Guided Trips

FISHING REPORT AND SYNOPSIS: 09/04/2019

Fishing has slowed down in some places and heated up in others. Smallmouth bass fishing on the streams of the Cumberland Plateau has been good to excellent while the tailwaters have slowed down somewhat.

In the Smokies, streams are getting low and warm. Stick with mid and high elevation streams for now until we get some rain and cooler weather. Right now it looks like this will probably last for another week although we do have some rain forecast next week. Let's hope that happens! A variety of bugs are working here, but lean heavily on your terrestrial box. Yellow Stimulators in particular have also been good lately.

The Caney Fork continues to produce a few fish here and there. Stripers are still thick in the river which isn't helping the trout at all. As long as things stay dry, this will be a viable option. There are a few large fish present if you know where to look. Yesterday's big fish was a 21.5" rainbow caught while sight fishing. Don't expect that every day, but if you're prepared to put in your time, there are good fish to be caught (and released!!!).

The Clinch seems to be in the middle of the annual late summer drawdown of Norris Lake. High water will be the norm here for the next few weeks. If you don't have a boat, then don't bother except, possibly, during early mornings. Weekends are offering some morning windows but crowds will generally be thick as well.

Fall fishing is not far off. The Clinch should fish well unless we have a wet fall. Sometime between mid October and early November, we should see flows start to come down. The Smokies are my personal favorite for fall fishing. The fish will be hungry and maybe even looking up!

Photo of the Month: Guide Trip Fish of the Year for the Smokies

Photo of the Month: Guide Trip Fish of the Year for the Smokies

Sunday, November 11, 2012

Late Season Opportunities

While winter is rapidly approaching, the weather is still bi-polar.  The cold season has not yet arrived in force, meaning that one weekend is perfect with highs in the 60s on the plains and 50s in the mountains and the next weekend it snows with frigid overnight lows.  Last weekend was one of the good weekends, at least if you're an angler.  I made it to the mountains to a favorite stream to chase the browns.


Watching a fish get fired up over a streamer is one of my favorite aspects of the sport.  Accordingly, I headed to a stretch where I could toss some streamers and see what would happen.  In the first pool, I watched a fish shoot out of the back of the deepest part to attack my streamer.  Somehow it couldn't find the hook though.  Several casts later, with the fish repeating its behavior, I finally just gave up and moved to a different spot.  Sometimes fish just want to chase but not eat.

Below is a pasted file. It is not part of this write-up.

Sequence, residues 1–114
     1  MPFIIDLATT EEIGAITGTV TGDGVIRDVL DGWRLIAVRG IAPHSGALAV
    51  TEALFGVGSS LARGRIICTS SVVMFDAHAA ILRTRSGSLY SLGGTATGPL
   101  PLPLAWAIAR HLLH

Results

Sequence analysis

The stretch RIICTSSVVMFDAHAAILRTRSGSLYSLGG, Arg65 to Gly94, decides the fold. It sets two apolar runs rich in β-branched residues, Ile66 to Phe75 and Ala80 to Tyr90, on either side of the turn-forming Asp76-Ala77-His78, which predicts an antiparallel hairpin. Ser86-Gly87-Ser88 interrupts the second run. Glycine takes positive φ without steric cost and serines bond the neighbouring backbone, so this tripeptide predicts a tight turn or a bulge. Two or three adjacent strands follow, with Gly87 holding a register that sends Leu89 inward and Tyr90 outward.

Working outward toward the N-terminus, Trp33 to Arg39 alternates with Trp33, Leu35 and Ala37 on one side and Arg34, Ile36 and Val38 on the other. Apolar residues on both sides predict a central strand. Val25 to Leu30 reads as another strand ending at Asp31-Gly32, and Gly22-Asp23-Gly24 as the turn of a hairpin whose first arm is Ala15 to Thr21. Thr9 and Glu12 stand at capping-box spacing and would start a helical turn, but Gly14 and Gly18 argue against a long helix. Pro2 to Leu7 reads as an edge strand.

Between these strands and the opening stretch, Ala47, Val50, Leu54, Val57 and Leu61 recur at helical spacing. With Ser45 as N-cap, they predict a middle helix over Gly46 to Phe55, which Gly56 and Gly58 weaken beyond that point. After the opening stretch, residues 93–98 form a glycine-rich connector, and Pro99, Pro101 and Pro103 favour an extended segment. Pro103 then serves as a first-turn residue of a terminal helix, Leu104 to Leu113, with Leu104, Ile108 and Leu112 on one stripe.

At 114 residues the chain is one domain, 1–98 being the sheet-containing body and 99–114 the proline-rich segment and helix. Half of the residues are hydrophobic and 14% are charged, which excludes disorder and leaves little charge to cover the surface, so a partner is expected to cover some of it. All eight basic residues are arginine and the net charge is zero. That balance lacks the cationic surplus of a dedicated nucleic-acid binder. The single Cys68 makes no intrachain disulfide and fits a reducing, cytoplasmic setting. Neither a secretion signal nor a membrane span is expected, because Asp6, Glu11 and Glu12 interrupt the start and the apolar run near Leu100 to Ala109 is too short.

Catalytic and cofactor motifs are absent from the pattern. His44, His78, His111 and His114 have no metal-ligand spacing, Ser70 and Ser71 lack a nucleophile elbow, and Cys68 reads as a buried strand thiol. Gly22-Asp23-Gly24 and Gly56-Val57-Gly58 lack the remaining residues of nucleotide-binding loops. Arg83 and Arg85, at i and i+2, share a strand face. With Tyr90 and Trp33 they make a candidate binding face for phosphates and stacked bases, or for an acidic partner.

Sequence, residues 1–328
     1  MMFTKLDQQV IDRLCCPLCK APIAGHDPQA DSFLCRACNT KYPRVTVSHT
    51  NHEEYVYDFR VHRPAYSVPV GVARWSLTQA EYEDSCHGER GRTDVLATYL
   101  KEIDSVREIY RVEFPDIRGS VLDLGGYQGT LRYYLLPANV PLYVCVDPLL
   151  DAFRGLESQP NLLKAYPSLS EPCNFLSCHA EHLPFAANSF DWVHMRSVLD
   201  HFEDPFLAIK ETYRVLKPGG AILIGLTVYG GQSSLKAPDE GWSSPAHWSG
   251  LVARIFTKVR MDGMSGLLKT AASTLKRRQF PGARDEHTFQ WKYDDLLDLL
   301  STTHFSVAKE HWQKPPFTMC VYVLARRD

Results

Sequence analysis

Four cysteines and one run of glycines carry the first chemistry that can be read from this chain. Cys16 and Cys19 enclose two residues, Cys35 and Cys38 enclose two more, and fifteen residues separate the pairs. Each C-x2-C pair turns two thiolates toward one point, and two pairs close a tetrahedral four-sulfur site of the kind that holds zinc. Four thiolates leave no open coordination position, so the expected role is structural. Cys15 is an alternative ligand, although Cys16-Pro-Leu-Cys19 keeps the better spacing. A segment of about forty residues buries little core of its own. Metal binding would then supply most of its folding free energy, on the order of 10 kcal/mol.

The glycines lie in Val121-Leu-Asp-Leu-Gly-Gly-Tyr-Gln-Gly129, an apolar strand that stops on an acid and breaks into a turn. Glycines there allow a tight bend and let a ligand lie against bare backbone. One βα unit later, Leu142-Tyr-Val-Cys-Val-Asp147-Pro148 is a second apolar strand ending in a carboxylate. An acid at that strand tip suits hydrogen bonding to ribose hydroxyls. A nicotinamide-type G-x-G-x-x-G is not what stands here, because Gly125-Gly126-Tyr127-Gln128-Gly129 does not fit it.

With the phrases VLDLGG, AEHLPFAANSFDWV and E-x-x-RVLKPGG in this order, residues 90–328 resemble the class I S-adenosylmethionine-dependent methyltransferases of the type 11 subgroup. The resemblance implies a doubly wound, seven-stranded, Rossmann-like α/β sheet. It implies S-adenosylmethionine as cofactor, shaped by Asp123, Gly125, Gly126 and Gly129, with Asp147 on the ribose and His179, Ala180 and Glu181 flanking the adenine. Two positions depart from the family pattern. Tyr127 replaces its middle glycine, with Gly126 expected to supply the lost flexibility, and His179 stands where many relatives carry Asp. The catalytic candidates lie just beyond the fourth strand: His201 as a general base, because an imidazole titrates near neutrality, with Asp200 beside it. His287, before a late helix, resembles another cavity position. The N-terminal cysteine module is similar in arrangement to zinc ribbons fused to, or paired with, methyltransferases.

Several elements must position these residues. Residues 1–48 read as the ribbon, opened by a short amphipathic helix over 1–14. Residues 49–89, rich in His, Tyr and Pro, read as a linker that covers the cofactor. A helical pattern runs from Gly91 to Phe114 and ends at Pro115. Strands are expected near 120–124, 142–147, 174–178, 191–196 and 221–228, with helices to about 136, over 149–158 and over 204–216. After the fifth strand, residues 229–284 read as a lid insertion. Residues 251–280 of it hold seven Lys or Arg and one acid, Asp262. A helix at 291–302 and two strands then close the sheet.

Over the next couple of hours, I covered a ton of water.  Several nice fish were out and about and a few smaller ones were even on redds.  The largest fish I saw made me gasp in amazement at how a fish of well over 20 inches could live in such small water.  In another spot, I watched a pod of big runner browns swimming in circles in a big pool, just waiting for the right moment to move up and spawn.

The fish that I hooked all wanted to attack whichever streamer I happened to have on at the moment.  Others had the same idea, but streamer fishing is not usually a high percentage game.  I generally expect a lot of follows, refusals, and the usual swing and a miss.  Enough fish found the hook though to keep me interested.


Later in the day, I moved on to a more sheltered stretch of stream and hoped for some blue-winged olives.  The hatch didn't develop, or perhaps I was too late.  A few stray midges were coming off, and I did trick one small brown on a midge, but that was it.  The consolation was a great sunset and beautiful reflected light on the stream.  I spent more time behind my camera lens than fishing during the late day hours...



9 comments:

  1. This may be a very dumb question, but I don't live near a trout stream and only get the opportunity to fish them every couple of months or so. But how do you know if a trout is on the red? Will they build a nest out of gravel?

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    1. Atlas, you are correct, they build a next out of gravel. Generally you will find them in the tail of pools and riffles where the smaller gravel is. The female will dig out a hollow in the gravel which is a fairly obvious depression in the streambed. You can find areas the fish have been spawning or preparing nests because the gravel is a lot cleaner there compared to everywhere else usually. Somewhere I have some pictures of fish on or close to redds. If I can find them I'll try to put a post together about it...

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    2. Thank you for the information and your response. I would greatly appreciate that.

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  2. Hi David. I nudged Howard to take you along when he fishes Boulder Creek with the creel attached. Looking forward to the video if caves and takes you.

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    1. Mark, it should be a pretty good adventure and probably an even better video... :D

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  3. the pictures here look so cool.

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  4. I'll be up for it as soon as I can pull myself out of my rocker. I'm looking forward to meeting David. I think I can teach him a bit...about photography,(not!) fishing, (not!!) or women, (definitely not!!!) Oh well, I'll buy the beers.

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    Replies
    1. We'll definitely have a good time fishing together sometime. Now if next spring can just hurry up...

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